So again, don’t ignore it. It’s not something that’s like if your hips were so tight and you had no butterfly, you’d right away be looking to get it looked at. This dorsiflexion’s just kind of like, “Huh. That’s weird.” But it really has that much of an impact all the way up the chain that you shouldn’t just be ignoring it.

Let’s talk about some injuries again. So we already talked about the inversion sprain. Usually it’ll be your ATFL that goes first. But also there are two other ligaments as well. They join bone to bone. (Deltoid ligament, eversion sprain, not that common. We’re good.)

Now we’re gonna talk about the high ankle sprain. When I was a girl back in university, we called this a syndesmosis sprain, but now it’s called high ankle sprain, and it’s a funny injury.

A syndesmosis sprain is a rotational injury. Your ankle is sort of a mortise and tenon joint, so when the foot spins under the leg or the leg spins on top of the foot, it kind of spreads those bones. So my lower leg rotates in and my foot rotates out, and that springs this syndesmosis joint or the joint between the tibia and the fibula. So if you picture your ankle spinning, it spreads the two bones apart and puts a strain on that syndesmosis.

So there is syndesmosis, but then there’s also interosseous membrane. That’s just the connective tissue membrane that goes between … sort of knits between the two bones. Let’s think about this for a second. Picture your lower leg and that the bones that make up your ankle are two different bones that are just connected by ligaments. It’s not a solid thing. They’re two different bones. It’s crazy.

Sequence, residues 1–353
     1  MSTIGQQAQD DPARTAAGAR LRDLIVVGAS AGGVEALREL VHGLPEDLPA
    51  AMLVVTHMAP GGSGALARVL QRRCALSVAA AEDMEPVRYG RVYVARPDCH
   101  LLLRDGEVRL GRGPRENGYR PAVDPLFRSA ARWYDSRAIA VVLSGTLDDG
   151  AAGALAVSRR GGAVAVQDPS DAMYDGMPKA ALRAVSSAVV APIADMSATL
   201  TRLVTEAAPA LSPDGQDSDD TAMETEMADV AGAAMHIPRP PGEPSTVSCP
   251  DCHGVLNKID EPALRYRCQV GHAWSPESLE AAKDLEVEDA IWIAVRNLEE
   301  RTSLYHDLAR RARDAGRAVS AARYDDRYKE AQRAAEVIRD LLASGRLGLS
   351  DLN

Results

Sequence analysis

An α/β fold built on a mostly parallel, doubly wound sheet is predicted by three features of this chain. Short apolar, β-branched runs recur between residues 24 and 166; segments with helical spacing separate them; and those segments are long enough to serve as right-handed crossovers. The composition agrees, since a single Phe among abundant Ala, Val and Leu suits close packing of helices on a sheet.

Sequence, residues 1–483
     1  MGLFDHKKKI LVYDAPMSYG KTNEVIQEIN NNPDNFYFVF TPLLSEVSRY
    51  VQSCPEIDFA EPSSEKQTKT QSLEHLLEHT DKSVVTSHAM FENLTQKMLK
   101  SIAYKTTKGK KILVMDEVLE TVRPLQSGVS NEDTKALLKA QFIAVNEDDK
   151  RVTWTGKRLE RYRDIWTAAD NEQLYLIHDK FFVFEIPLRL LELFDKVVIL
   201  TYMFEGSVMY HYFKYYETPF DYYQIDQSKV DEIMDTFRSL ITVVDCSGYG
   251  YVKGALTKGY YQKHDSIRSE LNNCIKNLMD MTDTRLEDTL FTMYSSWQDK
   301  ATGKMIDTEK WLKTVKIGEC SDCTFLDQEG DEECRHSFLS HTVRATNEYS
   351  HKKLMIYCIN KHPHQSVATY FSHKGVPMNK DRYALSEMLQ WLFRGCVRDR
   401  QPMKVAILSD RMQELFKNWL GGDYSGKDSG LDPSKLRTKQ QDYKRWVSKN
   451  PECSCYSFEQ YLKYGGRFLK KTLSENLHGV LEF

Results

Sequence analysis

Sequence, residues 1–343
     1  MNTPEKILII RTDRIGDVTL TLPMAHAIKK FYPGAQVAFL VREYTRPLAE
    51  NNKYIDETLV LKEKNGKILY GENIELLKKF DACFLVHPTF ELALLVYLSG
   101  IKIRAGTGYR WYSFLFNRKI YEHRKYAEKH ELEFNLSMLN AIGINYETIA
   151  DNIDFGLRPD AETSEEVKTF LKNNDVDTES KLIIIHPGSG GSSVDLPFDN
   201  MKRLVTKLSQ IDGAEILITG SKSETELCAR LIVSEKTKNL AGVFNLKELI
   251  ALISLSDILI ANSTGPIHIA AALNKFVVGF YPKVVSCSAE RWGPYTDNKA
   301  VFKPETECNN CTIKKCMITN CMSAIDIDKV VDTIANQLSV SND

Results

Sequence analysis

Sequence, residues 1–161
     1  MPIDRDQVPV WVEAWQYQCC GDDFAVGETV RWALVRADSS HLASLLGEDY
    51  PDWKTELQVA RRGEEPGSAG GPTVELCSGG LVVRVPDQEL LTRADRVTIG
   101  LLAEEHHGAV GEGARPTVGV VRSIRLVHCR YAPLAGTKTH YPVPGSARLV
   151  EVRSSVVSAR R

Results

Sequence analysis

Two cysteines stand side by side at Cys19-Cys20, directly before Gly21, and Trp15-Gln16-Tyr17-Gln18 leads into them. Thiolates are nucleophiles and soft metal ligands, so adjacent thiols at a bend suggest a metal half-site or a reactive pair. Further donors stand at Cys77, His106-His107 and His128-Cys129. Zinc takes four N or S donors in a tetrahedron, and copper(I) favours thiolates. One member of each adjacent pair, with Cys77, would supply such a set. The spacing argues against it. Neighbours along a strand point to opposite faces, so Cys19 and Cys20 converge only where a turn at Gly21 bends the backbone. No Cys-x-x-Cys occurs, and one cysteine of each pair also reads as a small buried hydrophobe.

So anyway, the interosseous membrane gets sprung, and that creates a problem because there aren’t muscles that we can work on. “Oh, well, let’s just strengthen the muscles that hold the fibula and the tibia together.” Well, there aren’t any. Those were left out for whatever reason.

It really is you got to have to give it time, which is why these injuries are so frustrating, and sometimes too they’ll feel just fine. Walking around, it’ll feel great and people think, “Oh, that high ankle sprain. No problem. Man, I feel better already. I’m gonna get back on the ice.” Then they get back on the ice, and start rotating or stop or a crossover, and that pain comes back and they think, “Oh, man. It was so much better. Now I’ve irritated it again.” Well, probably you didn’t really irritate it again. It probably just wasn’t ready for that action.

Now if you suspect that you have a high ankle sprain or a syndesmosis sprain, this is what we do sometimes to sort of see if that’s maybe what it is, and we can even use it when you’re getting back to the stage of getting better, we can do this to give it a little bit more support.